Finding big donors

by NancyLebovitz1 min read5th Apr 20127 comments

14

Personal Blog

How large foundations look for donors

I don't know how much of this SIAI is already doing, but I thought it would be of interest to anyone who's building up an organization which needs donors. It's also interesting (at least to me-- I've spent my life in a very small business) for how much serious thought can be brought to a project.

One surprising fact: "A large not for profit did a study a few years ago which told them that most of the people who left a million dollars or more to them in their will, unasked-for, gave an average of $17 a year to them during their life."

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Interesting stuff. I wasn't clear on what the "prospect research shop"'s business model was, though. I guess they simultaneously try to find donors for lots of different clients?

I wonder how much other nonprofit best practices type stuff SI could benefit from.

The article implies that usually large charities have their own prospect research shops. (I'd guess that small charities don't bother.)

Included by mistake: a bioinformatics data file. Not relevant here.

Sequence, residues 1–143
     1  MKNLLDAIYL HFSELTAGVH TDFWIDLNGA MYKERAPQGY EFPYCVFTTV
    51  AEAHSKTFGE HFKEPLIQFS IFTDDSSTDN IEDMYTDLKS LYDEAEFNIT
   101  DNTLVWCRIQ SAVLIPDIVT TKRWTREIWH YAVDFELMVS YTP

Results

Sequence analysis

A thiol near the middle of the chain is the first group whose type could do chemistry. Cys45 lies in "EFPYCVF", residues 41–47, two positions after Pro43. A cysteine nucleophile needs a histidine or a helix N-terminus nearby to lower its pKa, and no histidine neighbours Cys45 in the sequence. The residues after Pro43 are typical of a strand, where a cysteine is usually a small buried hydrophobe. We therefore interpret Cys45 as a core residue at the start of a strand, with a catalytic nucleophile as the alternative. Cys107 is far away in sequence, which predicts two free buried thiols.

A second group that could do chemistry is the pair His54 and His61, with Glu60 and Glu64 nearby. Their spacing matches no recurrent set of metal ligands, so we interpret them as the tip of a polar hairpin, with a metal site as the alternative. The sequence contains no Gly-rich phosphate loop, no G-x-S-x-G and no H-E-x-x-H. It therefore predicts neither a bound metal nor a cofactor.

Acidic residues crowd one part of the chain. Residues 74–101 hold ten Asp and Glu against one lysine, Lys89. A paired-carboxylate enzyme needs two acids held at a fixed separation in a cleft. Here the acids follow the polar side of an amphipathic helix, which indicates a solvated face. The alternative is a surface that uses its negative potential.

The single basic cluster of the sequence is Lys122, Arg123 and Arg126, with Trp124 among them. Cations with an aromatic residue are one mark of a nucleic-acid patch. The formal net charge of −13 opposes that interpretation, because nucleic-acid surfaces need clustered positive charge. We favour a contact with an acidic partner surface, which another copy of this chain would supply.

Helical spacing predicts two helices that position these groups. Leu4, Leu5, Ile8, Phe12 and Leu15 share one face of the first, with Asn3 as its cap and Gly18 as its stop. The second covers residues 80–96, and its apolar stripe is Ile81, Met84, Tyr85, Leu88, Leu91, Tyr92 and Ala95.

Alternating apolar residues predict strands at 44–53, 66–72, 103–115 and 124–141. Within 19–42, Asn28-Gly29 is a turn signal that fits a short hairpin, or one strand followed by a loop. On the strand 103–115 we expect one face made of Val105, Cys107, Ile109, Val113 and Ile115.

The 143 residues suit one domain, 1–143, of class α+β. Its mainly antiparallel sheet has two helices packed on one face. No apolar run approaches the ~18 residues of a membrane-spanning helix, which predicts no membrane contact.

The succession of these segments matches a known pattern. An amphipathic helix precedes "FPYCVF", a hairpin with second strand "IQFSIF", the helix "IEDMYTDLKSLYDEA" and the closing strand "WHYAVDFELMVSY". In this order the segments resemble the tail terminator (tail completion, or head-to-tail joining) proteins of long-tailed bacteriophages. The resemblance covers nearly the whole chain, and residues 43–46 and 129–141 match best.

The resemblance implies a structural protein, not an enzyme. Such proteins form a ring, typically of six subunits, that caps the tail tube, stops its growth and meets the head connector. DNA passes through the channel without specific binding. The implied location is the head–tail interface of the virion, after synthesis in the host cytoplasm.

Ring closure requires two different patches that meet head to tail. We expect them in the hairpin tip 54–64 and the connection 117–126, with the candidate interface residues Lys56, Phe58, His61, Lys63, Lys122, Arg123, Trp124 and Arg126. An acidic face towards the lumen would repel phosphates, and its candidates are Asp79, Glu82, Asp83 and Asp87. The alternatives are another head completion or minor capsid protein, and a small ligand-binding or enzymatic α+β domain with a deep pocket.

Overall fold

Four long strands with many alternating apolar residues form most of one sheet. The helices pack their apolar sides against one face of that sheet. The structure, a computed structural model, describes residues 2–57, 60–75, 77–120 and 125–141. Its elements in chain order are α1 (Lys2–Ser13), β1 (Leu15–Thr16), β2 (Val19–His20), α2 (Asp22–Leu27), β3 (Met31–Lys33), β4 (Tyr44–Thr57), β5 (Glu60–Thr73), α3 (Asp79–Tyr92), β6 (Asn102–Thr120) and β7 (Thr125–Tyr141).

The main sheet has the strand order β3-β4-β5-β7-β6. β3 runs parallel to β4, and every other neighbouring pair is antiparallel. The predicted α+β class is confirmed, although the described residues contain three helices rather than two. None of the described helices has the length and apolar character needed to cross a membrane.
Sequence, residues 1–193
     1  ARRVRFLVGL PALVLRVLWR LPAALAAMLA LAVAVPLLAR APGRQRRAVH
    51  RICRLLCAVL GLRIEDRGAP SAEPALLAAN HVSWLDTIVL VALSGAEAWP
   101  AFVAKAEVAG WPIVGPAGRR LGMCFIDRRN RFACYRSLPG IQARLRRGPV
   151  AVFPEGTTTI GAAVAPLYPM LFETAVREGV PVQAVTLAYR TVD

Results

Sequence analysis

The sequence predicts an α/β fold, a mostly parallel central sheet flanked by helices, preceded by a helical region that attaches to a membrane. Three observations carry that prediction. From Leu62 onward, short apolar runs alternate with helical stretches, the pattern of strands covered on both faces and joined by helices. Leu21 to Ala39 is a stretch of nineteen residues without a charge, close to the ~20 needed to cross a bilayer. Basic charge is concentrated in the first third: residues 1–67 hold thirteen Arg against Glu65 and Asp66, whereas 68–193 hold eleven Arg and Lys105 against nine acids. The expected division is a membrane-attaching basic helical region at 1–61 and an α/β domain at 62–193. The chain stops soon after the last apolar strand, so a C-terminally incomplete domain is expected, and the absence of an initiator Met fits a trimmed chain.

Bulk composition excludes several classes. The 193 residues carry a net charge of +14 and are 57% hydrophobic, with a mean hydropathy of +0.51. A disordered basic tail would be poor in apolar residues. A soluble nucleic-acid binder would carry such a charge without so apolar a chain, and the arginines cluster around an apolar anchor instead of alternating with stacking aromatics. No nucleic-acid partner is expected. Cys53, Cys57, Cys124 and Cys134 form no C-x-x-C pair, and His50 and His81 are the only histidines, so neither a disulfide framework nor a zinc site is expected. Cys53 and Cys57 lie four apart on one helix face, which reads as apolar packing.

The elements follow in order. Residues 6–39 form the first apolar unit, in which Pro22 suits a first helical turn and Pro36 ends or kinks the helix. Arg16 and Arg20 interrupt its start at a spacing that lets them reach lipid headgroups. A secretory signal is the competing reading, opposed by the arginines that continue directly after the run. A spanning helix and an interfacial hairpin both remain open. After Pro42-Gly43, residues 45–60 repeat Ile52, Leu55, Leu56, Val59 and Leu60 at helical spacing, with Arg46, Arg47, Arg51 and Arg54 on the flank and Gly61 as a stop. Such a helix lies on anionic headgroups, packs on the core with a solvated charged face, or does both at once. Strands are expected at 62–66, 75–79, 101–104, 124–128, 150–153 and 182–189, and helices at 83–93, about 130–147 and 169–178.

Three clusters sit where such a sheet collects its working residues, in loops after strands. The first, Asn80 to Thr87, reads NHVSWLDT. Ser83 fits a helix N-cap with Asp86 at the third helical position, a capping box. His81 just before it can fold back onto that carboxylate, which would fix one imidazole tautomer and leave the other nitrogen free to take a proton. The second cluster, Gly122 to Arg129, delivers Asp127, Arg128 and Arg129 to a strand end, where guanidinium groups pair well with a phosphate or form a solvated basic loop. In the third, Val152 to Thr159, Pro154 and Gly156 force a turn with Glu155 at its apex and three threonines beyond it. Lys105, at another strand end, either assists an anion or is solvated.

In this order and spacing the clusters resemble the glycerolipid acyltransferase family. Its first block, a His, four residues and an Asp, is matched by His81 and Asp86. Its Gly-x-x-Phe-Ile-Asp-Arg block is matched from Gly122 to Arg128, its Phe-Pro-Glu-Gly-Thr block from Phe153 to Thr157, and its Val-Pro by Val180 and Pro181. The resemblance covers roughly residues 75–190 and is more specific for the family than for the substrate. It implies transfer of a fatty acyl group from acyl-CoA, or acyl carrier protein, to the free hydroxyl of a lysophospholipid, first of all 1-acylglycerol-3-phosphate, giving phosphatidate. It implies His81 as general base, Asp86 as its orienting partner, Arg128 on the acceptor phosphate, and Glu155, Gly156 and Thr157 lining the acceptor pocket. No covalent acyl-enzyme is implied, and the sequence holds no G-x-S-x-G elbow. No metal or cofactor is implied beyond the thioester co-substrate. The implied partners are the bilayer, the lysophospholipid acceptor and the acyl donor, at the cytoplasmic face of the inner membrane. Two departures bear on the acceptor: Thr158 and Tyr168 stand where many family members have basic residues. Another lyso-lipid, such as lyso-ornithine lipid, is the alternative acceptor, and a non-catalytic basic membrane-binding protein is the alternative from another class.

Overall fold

Yeah... pretty sick to think that 'charity' dollars are actually going to fund studies such as this!

Because when you donate money to a charity (assuming that one does), the idea is that it will go to a CAUSE, not to the charity's marketing (which is what the study seemed to be.... the charity wishing to learn marketing demographics).

Charities have overhead expenses. This is not a bad thing. If your favorite charity missed out on a million-dollar donation because they spent no money on research, wouldn't you think it was false economy?

[-][anonymous]9y 4

The charity has determined that the best marginal use of money for them at the moment is to improve marketing to get even more money. If this will ultimately lead to more being done for the CAUSE than otherwise, I don't see how one has reason to object.

You can, of course, criticize the charity for doing marketing studies if you believe they're wrong about their necessity.